Wednesday, April 18, 2018



The general rule at the Monterey Bay Aquarium is not to give animals personal names. But we couldn’t resist with “Stumpy.”

The little ochre sea star had only one of its five arms left, after an “incident” with a sea otter (ie lunch.)  But slowly, over the course of a whole year, Stumpy grew back all four arms and was restored to its original five-armed beauty.  Stumpy lived in the Touch Pool Exhibit and we touched Stumpy gently and cheered it on every day – Keep growing! You can do it! (Luckily, no otters in that exhibit.)

(I’m rerunning this column from a few years ago because we had a Stumpy incident in our own house this week involving Ron and the table saw.  Keep reading to learn the outcome, but suffice it to say, our human bodies do not recreate/restore the way sea stars do, so Ron has a shorter thumb than he used to…..and it will never grow back.)

Stumpy could keep growing.  Sea stars can completely regenerate arms bitten off, using the cells in their central disk.  Some species can even intentionally release an arm, let it go to the predator, to save the rest of its body, and then grow back a new one.

(This photo of a six legged star is not Stumpy, obviously, but you get the idea.)

So, Gospel According to Sea Stars: 
-Regeneration is actually pretty common in nature – we can donate half our liver and it will grow back.  We’re more aware of loss, but renewal is really the law of the land, and the sea.
-Thanks to our God-given regenerative brains cells, we are learning some amazing new ways to help each other – scientists are learning from sea stars and flat worms and other regenerators about the mysteries of stem cells.  Maybe someday there will be limbs moving again for paraplegics.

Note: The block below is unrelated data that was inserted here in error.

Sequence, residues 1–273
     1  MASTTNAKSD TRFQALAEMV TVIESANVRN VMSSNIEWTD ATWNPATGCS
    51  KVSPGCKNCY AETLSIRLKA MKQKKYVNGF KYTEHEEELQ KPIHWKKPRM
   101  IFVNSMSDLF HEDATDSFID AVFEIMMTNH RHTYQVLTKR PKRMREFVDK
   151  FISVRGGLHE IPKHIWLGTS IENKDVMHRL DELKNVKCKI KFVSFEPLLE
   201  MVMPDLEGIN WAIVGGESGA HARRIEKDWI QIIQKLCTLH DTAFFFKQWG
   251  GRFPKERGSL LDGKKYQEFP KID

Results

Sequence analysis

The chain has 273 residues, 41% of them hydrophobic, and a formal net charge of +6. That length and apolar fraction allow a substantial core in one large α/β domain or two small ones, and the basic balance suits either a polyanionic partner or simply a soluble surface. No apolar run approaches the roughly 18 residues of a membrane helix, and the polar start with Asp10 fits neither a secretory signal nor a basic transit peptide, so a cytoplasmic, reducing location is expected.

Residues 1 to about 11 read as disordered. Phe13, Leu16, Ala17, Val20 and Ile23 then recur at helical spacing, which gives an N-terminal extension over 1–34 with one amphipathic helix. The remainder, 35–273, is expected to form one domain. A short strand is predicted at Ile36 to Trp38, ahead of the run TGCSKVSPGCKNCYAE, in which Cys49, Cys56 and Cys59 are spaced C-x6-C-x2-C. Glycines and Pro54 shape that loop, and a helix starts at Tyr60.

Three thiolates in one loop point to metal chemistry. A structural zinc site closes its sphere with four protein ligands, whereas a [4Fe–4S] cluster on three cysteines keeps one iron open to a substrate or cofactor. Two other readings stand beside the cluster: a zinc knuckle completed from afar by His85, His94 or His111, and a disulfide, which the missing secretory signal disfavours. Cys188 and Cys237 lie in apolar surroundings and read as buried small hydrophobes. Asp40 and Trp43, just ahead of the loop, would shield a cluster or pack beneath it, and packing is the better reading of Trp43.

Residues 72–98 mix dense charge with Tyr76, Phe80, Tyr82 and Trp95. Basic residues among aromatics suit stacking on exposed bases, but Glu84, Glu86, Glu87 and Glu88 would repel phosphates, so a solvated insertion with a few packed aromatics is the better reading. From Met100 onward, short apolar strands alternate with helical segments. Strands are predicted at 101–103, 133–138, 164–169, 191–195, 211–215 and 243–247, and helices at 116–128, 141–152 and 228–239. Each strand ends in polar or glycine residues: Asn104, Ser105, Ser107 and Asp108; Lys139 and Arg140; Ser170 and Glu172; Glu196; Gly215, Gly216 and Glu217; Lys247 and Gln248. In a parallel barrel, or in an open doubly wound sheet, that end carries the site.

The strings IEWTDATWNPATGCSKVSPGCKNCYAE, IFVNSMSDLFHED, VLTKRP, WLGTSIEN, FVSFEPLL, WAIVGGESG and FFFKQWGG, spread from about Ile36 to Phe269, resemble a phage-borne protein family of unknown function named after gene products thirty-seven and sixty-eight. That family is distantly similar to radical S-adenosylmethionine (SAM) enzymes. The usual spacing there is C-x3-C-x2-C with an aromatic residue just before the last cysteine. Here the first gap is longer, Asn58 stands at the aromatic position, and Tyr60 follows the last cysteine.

-Sometimes the best thing to do is just let something go, and trust – and see - that a new thing will grow in its place.
-It’s probably a good policy not to name wild animals – we can anthropomorphize them and think they are our pets or property.  Just think about the orcas Shamu and Willy.
-But sometimes a name can help form a bond - I call you by name - and we care a little bit more about that other being.  All those nameless women in the Bible – did no one care about them?  We cared about Stumpy!

Sea stars always remind me of the church season of Epiphany, right after Christmas, the star shining in the east.  But actually all year long I try to pay extra attention to all the epiphanies, the revelations of God, in our world. 

Sea stars seem like little epiphanies, surprising revelations of wonder and beauty and healing power. 
There is something so poignant about the wounded sea star and so moving about its slow and determined healing. 

Thanks, Stumpy.
I post these devotional reflections about ocean stewardship and spirituality every Wednesday, here and on Facebook  When youth and adults come for service trips and pilgrimages to our Blue Theology Mission Station in Pacific Grove, CA, we always make a “spiritual” visit to the Monterey Bay Aquarium and meet various Stumpies. for info and availability.

Ron’s thumb was reconstructed this week, not by nature or regenerative cells, but by the good folks at Community Hospital of the Monterey Peninsula.  It will never go back to its old self, but it is happy and healed. (Well, a little pain still.)   We have all agreed that it is time to retire the table saw.  Much fine building can still be done by restraint, with less, not more.  That’s another post…..Be careful out there, especially with power tools.

Wednesday, April 11, 2018

Chromatophore Compassion

Chromatophore Compassion

“Are you hungry, or just happy to see me?” said one octopus to another, whose body was changing color in a split second, from milky white to fire red.  That’s how octopus communicate, changing the pigment colors in their skin.  White to red could mean, “Shall we make babies?”  A different color change might be a warning, like a stop sign: “Back off, pal.  Don’t mess with me or my garden.”